September 2007, Volume 34, Number 6


Knowledge Central

Gerald Bennett, PhD, APRN, FAAN - Associate Editor





Principles and Practice of Palliative Care and Supportive Oncology (3rd ed.). Ann M. Berger*, John L. Shuster, Jr., and Jamie H. Von Roenn. Philadelphia: Lippincott Williams and Wilkins, 2007, 896 pages, $199.


Principles and Practice of Palliative Care and Supportive Oncology is a comprehensive clinical textbook for oncology healthcare providers. Organized into six sections, the book covers patient care from active treatment to the end of life and provides an extensive overview of symptoms and syndromes, issues and ethical considerations in palliative care, and special interventions, populations, and research issues in supportive care and palliative care.


Section I provides an in-depth overview of pain management and constitutional symptoms, including fatigue, fever, sweats, and hot flashes. Gastrointestinal symptoms and syndromes addressed include anorexia and weight loss, dysphagia and speech problems, chemotherapy-related as well as chronic nausea and vomiting, diarrhea, malabsorption, constipation, ascites, and hiccups. Those and other gastrointestinal symptoms are reviewed along with suggested management and treatment regimens. Chapter 8, Assessment and Management of Cancer-Related Fatigue, describes fatigue as a symptom often difficult to assess, determine causative factors, and treat effectively. The chapter offers a variety of assessment tools and treatment recommendations while acknowledging that because cancer-related fatigue research is in its infancy, further focus on the problem is needed to provide a sound basis for the development of mechanism-based interventions.


Section II is a discussion of a broad range of issues in palliative care, including definitions, models, assessment, and therapies. Psychosocial issues, sexuality and reproduction, caregivers, spirituality, bereavement care, and how to start a bereavement program and manage staff stress and burnout also are discussed. Section III continues with ethical issues in palliative care such as advance directives, decision-making capacity, and the law. Section IV addresses special interventions in supportive and palliative care such as nutritional and hematologic support, rehabilitative medicine, and complementary and alternative approaches.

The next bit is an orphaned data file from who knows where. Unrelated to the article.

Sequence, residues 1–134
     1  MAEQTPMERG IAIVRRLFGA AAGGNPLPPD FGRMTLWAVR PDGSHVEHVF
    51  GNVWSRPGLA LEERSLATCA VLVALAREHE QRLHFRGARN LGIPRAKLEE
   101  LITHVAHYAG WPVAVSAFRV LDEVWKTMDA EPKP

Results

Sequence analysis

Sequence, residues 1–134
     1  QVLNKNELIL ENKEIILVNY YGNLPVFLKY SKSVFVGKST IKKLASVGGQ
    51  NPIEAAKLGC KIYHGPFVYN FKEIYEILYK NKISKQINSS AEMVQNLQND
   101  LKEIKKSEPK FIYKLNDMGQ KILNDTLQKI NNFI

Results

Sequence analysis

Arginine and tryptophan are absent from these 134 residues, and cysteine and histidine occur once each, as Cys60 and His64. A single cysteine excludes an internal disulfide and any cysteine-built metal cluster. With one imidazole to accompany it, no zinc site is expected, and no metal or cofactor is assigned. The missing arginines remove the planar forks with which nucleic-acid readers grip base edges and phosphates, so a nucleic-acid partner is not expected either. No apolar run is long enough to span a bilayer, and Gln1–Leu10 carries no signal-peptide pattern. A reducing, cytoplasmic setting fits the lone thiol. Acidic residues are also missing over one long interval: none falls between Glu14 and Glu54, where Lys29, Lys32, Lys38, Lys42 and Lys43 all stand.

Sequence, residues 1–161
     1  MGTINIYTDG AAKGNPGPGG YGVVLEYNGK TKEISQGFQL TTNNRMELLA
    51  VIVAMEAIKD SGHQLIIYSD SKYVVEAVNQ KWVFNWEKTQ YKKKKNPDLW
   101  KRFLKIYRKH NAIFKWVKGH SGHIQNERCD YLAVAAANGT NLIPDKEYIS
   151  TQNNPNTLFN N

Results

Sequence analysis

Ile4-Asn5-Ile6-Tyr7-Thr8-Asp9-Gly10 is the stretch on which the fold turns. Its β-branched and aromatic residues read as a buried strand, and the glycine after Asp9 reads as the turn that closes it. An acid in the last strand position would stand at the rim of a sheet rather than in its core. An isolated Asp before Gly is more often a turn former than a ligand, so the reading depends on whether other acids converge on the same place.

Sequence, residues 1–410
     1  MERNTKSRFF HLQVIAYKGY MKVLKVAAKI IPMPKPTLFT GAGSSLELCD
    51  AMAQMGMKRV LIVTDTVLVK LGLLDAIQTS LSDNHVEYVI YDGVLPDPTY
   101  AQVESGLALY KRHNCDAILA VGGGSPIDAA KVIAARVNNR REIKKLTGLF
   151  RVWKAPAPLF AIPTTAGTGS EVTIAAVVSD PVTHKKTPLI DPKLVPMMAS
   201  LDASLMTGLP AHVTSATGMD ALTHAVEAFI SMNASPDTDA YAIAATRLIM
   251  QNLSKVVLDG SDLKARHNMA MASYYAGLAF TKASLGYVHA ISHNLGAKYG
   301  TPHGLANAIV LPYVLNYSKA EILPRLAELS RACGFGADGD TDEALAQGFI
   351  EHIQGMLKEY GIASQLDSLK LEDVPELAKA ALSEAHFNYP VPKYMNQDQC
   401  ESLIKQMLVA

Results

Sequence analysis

Special populations are addressed in section V, including long-term survivor late effects, psychosocial aspects of cancer survivorship, pediatrics, geriatrics, the intensive care setting, and palliative care in HIV/AIDS. Further review of chapter 74 on geriatric palliative care provides information on the special supportive needs of older adults based on age, physiologic function, and the challenge of assessing and managing pain. The authors acknowledge that older adults often have unrecognized and untreated symptoms, cognitive impairment, and a high prevalence of functional dependency and associated family caregiver burden. The challenges of finding funded caregiver and family supportive resources also are discussed, with a review of mixed model programs. Section VI discusses research issues in supportive care and palliative care with reviews of outcomes assessment in palliative care, measurement of quality-of-life outcomes, research ethics, and study design issues.


Principles and Practice of Palliative Care and Supportive Oncology provides needed information about patient care from supportive care and symptom management during treatment to palliative care at the end of life. The book challenges oncology nurses and other healthcare providers to research and develop the future direction of symptom management and palliative care.


Rose H. Mueller, RN, BSN, OCN®

Oncology Program Director